By the time Ian Anderson got around to writing this, Jethro Tull's tenth studio album, he had moved outside London for a life in the country—and, presumably, he had gotten over the fact that he was indeed too young to die. "Ring Out, Solstice Bells" was initially released (as an EP) the previous November for the holiday season and managed (surprise, surprise) to chart on the UK Top 40. Though the album's subject matter and cover image seem to have turned folksy, there's little folk music inside Songs From The Wood, save perhaps for the songs' subject matter. The title track opens with Anderson's multi-tracked vocals, before breaking into a typical Tull-style rocker. But while the production may suit the instrumental fire, his voice sounds unnatural and over-produced. Longtime orchestral arranger David Palmer is the new player, and along with John Evan, they now give the band four hands on the keyboards. "Hunting Girl" and "Pibroch (Cap in Hand)" both feature solid arrangements, making the most of both keyboardists while offering some great guitar work from Martin Barre. The second side's "Velvet Green" is primarily an acoustic number, while "The Whistler" has a folksy hook and an excellent instrumental break. As a single, "The Whistler" b/w "Strip Cartoon" only made the lower reaches of the US charts. The album, however, charted well, reaching No. 13 in the UK and No. 8 in the US. In February, Jethro Tull toured the UK for the first time in over three years.
Peter Gabriel's first solo album came less than two years after his departure from Genesis. (Trainspotters, take note: His first post-Genesis release was a cover of The Beatles' "Strawberry Fields Forever" on the soundtrack for the 1976 film All This And World War II.) Gabriel teamed up with producer Bob Ezrin, then best known for his work with Alice Cooper and Lou Reed, to record the album in Toronto. Here, Gabriel sought to distance himself from his previous band and work; and apart from his distinct voice, the album indeed offers little of his past. Instead, Peter Gabriel is a contemporary (for the time, that is) rock record-though the results are mixed: While there's little excuse for the barbershop quartet of "Excuse Me" or the straight-up blues of "Waiting for the Big One," tracks like "Modern Love" and "Down the Dolce Vita" are good enough mainstream rock. "Moribund the Burgermeister" is perhaps the one throwback to Genesis. Gabriel's voice is in great form and he's expressing a lot of ideas, but here they tend to be stitched together Franken-style. Ultimately, the overwrought production is the biggest letdown. Yet in juxtaposing an intimate vocal against a dense arrangement of sound, "Humdrum" does give a glimpse of where Gabriel's solo work would go, while the haunting melody of "Here Comes the Flood" would be revisited a few years later on Robert Fripp's solo record, Exposure. However, the album does contain one instant classic: "Solsbury Hill." Gabriel's ode to his former band, it's a song where all points—production, instrumentation, composition and voice—connect. As a single, it reached No. 13 in the UK, while the album rose to No. 7 in the UK and No. 38 in the US. The cover featured the first in a series of iconic images of Gabriel that were used in lieu of titles. The "car" featured on the cover is a Lancia Flavia that was owned by Hipgnosis boss Storm Thorgerson.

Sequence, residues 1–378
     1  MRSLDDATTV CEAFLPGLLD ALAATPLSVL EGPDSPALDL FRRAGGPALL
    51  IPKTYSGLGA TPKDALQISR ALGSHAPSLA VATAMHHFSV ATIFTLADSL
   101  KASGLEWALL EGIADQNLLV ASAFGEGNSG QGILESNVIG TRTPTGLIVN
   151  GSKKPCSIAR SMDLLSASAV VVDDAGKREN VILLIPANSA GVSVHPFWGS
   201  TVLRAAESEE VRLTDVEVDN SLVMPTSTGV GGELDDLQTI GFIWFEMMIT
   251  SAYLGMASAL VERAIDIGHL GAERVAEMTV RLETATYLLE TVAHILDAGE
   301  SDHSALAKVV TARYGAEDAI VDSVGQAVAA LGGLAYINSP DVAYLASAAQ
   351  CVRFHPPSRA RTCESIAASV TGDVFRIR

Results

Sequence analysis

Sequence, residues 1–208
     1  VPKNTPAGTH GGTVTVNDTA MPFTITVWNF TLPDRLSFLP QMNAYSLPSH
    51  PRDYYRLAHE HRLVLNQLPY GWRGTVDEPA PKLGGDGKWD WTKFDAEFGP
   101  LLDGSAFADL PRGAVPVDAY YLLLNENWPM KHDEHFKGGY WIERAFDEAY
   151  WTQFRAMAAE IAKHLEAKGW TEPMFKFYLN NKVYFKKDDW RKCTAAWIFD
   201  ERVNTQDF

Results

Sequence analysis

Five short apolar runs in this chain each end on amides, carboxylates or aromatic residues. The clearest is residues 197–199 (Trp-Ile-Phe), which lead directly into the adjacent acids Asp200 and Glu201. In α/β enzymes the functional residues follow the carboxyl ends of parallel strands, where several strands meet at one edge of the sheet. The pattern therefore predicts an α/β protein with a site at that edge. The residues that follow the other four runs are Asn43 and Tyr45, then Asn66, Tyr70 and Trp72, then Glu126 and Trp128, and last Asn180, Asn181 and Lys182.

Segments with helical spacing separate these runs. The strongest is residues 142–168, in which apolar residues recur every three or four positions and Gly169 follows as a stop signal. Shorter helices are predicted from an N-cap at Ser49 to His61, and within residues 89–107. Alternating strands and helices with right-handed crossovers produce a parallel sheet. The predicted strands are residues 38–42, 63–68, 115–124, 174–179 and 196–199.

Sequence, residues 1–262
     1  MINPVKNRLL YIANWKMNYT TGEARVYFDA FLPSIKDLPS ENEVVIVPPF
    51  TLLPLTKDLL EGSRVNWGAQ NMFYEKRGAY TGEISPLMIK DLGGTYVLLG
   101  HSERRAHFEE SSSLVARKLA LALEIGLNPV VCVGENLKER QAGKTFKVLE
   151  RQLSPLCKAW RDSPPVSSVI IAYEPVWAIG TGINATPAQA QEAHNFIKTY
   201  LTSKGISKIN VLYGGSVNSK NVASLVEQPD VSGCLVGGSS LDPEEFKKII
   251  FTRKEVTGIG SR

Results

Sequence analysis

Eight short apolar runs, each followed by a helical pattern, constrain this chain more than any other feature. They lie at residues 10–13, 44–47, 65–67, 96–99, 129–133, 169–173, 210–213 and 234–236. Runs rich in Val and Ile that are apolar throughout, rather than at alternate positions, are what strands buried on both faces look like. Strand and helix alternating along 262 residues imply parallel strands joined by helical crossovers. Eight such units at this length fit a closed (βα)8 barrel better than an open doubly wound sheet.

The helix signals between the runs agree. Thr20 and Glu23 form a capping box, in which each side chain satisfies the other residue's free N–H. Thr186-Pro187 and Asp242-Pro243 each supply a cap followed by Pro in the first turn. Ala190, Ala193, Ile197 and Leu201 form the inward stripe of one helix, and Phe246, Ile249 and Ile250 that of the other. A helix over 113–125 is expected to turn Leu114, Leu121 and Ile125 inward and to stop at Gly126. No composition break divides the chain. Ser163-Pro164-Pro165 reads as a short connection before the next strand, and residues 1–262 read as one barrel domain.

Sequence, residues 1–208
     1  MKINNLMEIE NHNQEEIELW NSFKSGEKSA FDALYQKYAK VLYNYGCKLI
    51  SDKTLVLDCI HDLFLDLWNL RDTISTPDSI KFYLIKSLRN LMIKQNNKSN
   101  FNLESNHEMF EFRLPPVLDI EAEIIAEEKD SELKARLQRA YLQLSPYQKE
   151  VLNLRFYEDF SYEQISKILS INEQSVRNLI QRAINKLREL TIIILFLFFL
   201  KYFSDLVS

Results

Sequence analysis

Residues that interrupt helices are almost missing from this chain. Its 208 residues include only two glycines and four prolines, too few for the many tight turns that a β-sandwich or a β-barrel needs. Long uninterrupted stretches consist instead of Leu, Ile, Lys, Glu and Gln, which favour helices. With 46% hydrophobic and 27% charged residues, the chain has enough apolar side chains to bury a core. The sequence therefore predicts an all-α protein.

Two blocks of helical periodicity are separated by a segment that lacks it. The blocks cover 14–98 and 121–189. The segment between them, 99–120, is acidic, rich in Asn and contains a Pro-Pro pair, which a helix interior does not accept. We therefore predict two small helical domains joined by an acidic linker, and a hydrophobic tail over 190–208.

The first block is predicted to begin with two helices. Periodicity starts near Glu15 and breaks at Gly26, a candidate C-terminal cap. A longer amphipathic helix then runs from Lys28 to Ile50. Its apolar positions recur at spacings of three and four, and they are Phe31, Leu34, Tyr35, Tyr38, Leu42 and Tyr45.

Founded by keyboardist Chuck Leavell and the powerful rhythm section of drummer Jai Johanny Johanson (aka Jaimoe) and bassist Lamar Williams, the trio first made themselves known by opening shows for The Allman Brothers Band under the moniker We Three. Jaimoe, of course, was a founding member of the Allman Bros.; while both Leavell and Williams came on board in 1972. Now, I'm not in any way positing either act as progressive rock: Both bands played American Southern rock, but often with a particularly progressive flair; just check out the live rendition of the classic album-side-long track "In Memory of Elizabeth Reed," off of the 1976 album, Wipe The Windows, Check The Oil, Dollar Gas. It's a veritable fusion of rock, jazz and instrumental virtuosity of the type that made both the Allman Bros. a legend, and Southern rock good listening. Adding Jimmy Nalls on guitar and adopting the name Sea Level, the band signed a deal with (who else) Capricorn Records and released their first album in 1977. With a bright piano hammering over the infectiously brisk rhythm, "Rain in Spain" kicks off the half-instrumental record; it's a unique mix of rock, blues and jazz. "Tidal Wave" continues the pace, with Leavell adding electric piano underneath Nalls's exceptionally clean and crisp guitar. The vocal numbers are, for the most part, throwaway boogie rock; but the lengthy "Nothing Matters But the Fever" reveals the dark edge of something deeper. With Jaimoe and Williams's rhythm section swinging underneath, both "Grand Larceny" and a cover of Paul Simon's "Scarborough Fair" conclude the album's instrumental fusion. The record's excellent production came courtesy of Stewart Levin; he also lent similar services at the time to the comparatively shallow Dixie Dregs. The album would reach No. 43 on the US charts. Later in the year, the band swelled to a septet, and released a second album this time with a sharper focus on commerciality; the jazzy fusion appeared on only a couple of tracks. The band would release three more albums, with the funky electric edge of 1978's On The Edge being a standout, until drifting out to sea in 1980. Leavell would become keyboardist for The Rolling Stones in 1982.